Parenting An Irritable Child

Grooming an irritable child or adolescent is like holding a hot potato, right? But you can’t quite drop it! So how can you really sooth your child, take care of yourself, feel that you are doing all that you can- in a fail proof way, and keep moving forward? To be honest with you, there are no super natural tricks to achieve all of these aims. That said, there is a solid framework to keep in mind. If you tick off each point I list below, you are golden. By that, I mean that you can only do what you can and feel confident that things will shape nicely with time. Almost always, things work out just fine.

Here is the bottom-line.

  1. Projective Identification. I repeat this concept all the time. WE love our kids, but we need to offer the specifics of what we appreciate periodically (so as to not annoy and sound like a broken record, or dish out praise too easily say when they eat breakfast or flush their toilet). They live into our vision. It is all very genuine.
  2. Be in the Zen mode. When they scream, you cannot rationalize, give immediate feedback (not in detail anyway) and they need to calm down. You may as well chill and look after yourself so that your blood pressure does not hike up. Lot of parents ask if I do this myself. Yes, I do for the most part. What helped me is practice! Look sad if you need to, as you face your child, let them feel a bit of guilt as it is good motivation. But you don’t need to participate a great deal in chaos all the time, trying to fix. Protect yourself, stay sane as that helps to pull yourself together. No point in losing the cool. Kids want to see you suffer if they provoke. I know. But you can break the cycle to it. Put a coma, say something brief (I know you do not like this, I know we can do this, I know you are hungry and so on), but do not put a period (i.e., not saying anything at all as it would irritate them way too much).
  3. Teach them when in good mood. Timing is everything. Explain that parental guidance is a luxury and how no one looking out for them is a scary prospect like an orphan! Say that they are everything for you and pepper some good values and teach them your expectations when in good mood.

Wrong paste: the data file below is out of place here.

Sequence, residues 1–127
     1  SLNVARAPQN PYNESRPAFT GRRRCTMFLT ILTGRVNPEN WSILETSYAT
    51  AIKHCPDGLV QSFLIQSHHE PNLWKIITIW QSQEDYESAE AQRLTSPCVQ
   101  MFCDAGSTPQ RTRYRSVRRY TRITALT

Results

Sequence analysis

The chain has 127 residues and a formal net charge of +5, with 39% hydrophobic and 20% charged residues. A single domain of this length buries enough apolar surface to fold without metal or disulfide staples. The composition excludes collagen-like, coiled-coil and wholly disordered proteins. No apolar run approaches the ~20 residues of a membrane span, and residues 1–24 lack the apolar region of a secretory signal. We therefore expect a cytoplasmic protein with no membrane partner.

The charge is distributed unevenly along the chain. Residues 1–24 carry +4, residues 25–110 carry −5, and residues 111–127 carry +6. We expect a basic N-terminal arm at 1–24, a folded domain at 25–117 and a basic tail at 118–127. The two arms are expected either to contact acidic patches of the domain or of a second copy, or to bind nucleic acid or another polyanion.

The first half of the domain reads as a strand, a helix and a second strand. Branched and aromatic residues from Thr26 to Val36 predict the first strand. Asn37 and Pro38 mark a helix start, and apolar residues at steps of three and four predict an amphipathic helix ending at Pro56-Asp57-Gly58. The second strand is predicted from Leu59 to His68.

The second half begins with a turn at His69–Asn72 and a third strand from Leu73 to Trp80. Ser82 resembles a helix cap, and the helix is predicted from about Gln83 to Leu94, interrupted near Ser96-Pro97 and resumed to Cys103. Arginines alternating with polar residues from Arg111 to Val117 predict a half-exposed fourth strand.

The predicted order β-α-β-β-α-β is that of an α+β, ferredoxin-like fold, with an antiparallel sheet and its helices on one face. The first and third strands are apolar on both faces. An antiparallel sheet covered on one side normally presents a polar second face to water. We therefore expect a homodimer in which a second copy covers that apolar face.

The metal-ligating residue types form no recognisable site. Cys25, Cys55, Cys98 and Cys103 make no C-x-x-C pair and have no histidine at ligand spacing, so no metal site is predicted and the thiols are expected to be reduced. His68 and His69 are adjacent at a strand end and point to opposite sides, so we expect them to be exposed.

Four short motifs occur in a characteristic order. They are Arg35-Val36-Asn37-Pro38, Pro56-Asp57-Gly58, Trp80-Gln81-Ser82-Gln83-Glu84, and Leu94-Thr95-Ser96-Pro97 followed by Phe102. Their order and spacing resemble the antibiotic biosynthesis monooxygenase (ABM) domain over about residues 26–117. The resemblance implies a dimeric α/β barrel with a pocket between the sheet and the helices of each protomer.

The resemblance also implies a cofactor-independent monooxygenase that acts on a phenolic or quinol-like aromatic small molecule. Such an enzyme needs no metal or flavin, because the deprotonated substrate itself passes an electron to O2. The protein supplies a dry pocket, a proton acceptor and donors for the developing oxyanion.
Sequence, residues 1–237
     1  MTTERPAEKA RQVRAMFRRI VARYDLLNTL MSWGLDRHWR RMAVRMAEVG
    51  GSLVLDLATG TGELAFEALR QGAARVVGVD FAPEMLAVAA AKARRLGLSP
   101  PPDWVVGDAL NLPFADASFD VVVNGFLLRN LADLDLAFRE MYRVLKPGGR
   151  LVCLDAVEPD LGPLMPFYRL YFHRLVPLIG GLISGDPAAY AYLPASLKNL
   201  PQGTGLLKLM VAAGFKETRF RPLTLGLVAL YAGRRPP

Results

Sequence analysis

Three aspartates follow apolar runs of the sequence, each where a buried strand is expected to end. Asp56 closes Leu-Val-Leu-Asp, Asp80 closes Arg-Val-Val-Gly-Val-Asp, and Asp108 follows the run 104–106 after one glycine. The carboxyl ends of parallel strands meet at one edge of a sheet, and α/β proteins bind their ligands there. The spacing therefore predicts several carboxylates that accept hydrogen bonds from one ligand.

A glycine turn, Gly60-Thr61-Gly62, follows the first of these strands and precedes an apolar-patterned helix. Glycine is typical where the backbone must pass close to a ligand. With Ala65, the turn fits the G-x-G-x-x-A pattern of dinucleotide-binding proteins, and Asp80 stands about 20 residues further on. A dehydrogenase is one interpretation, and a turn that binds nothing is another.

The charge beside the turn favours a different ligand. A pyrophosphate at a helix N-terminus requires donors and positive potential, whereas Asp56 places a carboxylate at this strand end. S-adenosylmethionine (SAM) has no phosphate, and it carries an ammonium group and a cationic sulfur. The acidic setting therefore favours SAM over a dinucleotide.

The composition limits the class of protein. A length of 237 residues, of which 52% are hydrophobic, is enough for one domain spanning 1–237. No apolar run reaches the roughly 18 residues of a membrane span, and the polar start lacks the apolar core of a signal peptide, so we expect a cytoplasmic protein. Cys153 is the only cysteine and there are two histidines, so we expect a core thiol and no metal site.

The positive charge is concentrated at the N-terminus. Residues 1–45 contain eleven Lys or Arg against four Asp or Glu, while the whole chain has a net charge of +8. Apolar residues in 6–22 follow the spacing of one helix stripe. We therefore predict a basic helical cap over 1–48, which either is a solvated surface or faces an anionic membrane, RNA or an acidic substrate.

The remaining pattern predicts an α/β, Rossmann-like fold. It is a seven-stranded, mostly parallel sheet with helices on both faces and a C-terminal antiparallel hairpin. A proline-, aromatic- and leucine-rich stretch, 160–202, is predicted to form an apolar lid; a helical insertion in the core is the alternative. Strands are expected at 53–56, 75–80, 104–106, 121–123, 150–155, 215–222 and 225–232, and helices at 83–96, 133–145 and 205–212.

4. Connect the dots of good deeds. Often, they do a lot of small good stuff. Do not forget and route back to telling them all that you noted, the string of good deeds. Keep score of all that is going well. That is like currency to buy more good behavior. Some behaviorists call this “Catch them being good.”
  5. Reduce marital conflict. Usually one parent is logical (I am not saying it is mom or dad) and the other parent is anxious and driven to being a bit critical of the child. This leads to the so called logical parent to protect the child and take the side of the child momentarily. This generates marital conflict. Be cognizant of this dynamic. Stay together with spouse, and manage the spouse and explain what would be awesome- say requesting them to almost act like “grand father or grand mother.” By that, I mean being kind, directive, respectful and loving with no inherent judgment. Be a role model in behavior. Reboot your relationship to being awesome and do not stay stuck in conflict. More on “Rebooting” soon in another article!
  6. Respect. Are you really respecting? Using the dignified tone like you use to speak to the next door neighbor or sounding demanding instead? Are you patronizing? Rethink. If only we can be a bit detached and treat our kids like next door neighbor without ruffling your feathers. We can try, in small proportions at least! Yes you can!
  7. Pick up the clues to know when to switch off. I say, never touch an angry kid and start suggesting this or that. It is like touching a fire.  Or a dirty-something. It is not safe or pleasant. Give space. Get the clues to not keep at tirading at them. You can’t kick the cat too much, right?! Develop compassion.
  8. Report positive news. In the ear shot of our kids, it is great to brag to grand parents and your best friends how amazing your kids have been. That is useful strategy.
  9. Cognitive or thinking tasks divert one from being over emotional. Research backs the idea that thinking tasks such as solving a puzzle, reading or engaging in any types of games will divert the attention from emotional outbursts.
  10. Mundane, not so personal conversations. Sometimes talking about regular things like what you saw on the street or politics or news or fashion- just to name a few- can help simmer down too much investment and focus on emotionally intense topics. Don’t always bug them. Give them space.
  11. Problem solve. There are hard things to negotiate like learning disorders. They need to be solved to reduce frustration.
  12. Protect to be on their side. While not treating them like a baby, you can often take their side to protect them, understand their issues, and build trust. In other words, you have their back. You speak about what you feel and think positively. In reality, there are difficult teachers, friends or relatives. They can be irritants, in addition to you being perceived as a trigger! Understand and support. Call spade a spade sometimes!
  13. Quality time. Try to find the best times with your child. Build memories.

You cannot fix irritability in one day, but it is a process to put money in the emotional bank, slowly tame the irritability, reduce underlying anxiety, and build the sense of safety and oomph.



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